Come the first of December each year, our family calendar changes from a responsible and somewhat sickly matron into a party animal. There are get-togethers and game nights and recitals and celebrations, and we love winding down (up?) the year in the company of our friends and neighbors. Plus, holiday food here makes the herald angels sing.
The holidays can be a mixed bag of emotions though (as everyone everywhere in the world knows from experience), and one particular source of mixed emotion for me is the fact that I’m so far from my own relatives and culture during a season devoted to both. December doesn’t so much pull me out of my element as remind me that I’ve been living out of it the past seven and a half years.
And I’m glad it does. The experience I have had and continue to have as a foreigner has changed me for the better, shifting my field of vision and even teaching me to read the Bible like a proper Gentile (that basically means Muggle in ancient Jewish context). More about this, including a vocabulary tip you can use to scandalize your Italian friends, over at A Deeper Story today:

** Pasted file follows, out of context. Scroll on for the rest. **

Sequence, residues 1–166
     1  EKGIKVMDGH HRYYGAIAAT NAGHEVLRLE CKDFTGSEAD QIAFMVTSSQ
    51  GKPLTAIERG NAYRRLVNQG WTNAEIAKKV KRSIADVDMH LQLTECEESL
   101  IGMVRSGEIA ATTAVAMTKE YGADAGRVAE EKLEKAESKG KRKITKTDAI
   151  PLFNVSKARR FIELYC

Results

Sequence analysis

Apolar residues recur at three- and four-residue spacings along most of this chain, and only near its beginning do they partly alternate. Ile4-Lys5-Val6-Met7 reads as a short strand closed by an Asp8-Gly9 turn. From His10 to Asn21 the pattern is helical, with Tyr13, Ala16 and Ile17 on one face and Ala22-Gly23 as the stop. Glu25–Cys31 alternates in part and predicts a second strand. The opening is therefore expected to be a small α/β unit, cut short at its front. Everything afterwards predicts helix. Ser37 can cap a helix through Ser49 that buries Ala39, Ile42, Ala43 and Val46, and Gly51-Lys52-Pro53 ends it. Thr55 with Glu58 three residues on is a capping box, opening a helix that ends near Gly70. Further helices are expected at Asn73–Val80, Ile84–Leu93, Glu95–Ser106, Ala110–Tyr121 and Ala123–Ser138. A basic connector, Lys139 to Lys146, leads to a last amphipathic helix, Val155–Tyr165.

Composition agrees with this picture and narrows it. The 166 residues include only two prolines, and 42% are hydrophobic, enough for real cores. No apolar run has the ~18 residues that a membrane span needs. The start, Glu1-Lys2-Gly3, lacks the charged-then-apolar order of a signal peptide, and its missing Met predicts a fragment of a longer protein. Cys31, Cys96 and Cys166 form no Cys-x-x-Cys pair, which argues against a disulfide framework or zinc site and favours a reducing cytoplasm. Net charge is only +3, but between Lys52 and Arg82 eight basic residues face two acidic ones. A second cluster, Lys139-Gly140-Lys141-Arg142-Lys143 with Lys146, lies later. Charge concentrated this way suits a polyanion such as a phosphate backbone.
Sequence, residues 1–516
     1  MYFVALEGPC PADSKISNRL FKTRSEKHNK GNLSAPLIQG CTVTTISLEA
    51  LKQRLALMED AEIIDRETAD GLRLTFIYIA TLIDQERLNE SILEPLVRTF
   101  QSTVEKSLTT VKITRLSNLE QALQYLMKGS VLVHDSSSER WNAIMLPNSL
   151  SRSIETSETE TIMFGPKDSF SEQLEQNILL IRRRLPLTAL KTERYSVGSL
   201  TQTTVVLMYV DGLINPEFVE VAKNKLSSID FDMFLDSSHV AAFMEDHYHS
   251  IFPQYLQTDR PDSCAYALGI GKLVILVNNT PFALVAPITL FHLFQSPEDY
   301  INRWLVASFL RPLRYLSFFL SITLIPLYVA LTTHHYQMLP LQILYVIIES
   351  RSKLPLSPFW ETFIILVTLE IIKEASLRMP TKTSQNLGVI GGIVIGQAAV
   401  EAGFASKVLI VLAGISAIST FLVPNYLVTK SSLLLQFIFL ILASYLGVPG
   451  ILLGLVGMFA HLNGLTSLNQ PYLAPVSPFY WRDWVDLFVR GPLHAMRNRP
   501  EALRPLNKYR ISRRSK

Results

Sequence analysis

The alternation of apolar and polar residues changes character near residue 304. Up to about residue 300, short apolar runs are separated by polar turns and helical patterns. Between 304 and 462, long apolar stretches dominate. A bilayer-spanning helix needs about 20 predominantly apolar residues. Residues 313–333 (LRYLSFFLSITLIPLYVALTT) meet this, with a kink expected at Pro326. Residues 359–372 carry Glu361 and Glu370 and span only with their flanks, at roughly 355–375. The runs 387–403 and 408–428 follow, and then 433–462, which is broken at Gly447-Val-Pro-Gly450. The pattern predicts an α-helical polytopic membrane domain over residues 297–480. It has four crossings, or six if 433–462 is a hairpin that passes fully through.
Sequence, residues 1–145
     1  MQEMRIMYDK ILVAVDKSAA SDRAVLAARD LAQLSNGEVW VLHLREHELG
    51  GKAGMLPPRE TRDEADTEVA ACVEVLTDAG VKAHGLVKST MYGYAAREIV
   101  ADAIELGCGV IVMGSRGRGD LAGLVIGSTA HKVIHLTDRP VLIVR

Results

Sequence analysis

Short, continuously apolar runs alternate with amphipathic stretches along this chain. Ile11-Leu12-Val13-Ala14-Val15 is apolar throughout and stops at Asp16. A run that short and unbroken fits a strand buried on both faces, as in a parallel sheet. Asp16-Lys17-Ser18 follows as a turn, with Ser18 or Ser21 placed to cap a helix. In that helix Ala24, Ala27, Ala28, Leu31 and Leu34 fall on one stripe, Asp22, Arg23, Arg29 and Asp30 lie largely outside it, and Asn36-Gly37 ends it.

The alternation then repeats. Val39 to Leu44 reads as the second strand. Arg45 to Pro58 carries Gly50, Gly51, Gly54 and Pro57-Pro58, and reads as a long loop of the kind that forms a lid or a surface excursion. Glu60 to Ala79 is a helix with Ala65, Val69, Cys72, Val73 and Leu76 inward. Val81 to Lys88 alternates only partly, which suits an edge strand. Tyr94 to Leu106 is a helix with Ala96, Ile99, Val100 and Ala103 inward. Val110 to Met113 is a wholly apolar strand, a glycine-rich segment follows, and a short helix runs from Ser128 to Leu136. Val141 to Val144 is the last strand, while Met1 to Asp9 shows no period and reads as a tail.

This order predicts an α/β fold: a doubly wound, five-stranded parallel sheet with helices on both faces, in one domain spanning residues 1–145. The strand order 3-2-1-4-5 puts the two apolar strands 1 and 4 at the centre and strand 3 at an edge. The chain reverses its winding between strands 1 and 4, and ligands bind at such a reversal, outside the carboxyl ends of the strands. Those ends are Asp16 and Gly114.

[Ed: Now that Deeper Story has closed its doors, the post is here in its entirety:]
I suspect that the only difference between an expat and an immigrant is the amount of money a person brings with her into her adopted country… and I’m not entirely sure which one this makes me.
In 2007, my husband and I moved to Italy for work, but not for lack of opportunities back in the US. Admittedly, my English degree is in far greater demand overseas, but Dan turned down several good engineering jobs so that we could follow the invisible strings tugging our hearts across the Atlantic. This is where folks tend to look at us with envy (if they’re American) or with incredulity (if they’re Italian). Everyone, regardless of nationality, thinks we’re at least 65% nuts. Invisible strings? Riiiiight…
The truth is that Dan and I are weird hybrids of travel enthusiast and missionary, and if you’ll pardon a quick detour into Christianese, we feel called to this life. We find ourselves rooted to Italian soil by something so strong and so inclusive of who we are that it covers a multitude of bureaucratic headaches. Daily life is daily life pretty much anywhere on the planet, but when we stop to absorb what we’re doing on a deeper level, we’re overcome by gratitude that we get to raise our girls in the culture that brought us both the Sistine Chapel and the double espresso. We love this place we’ve chosen to call home.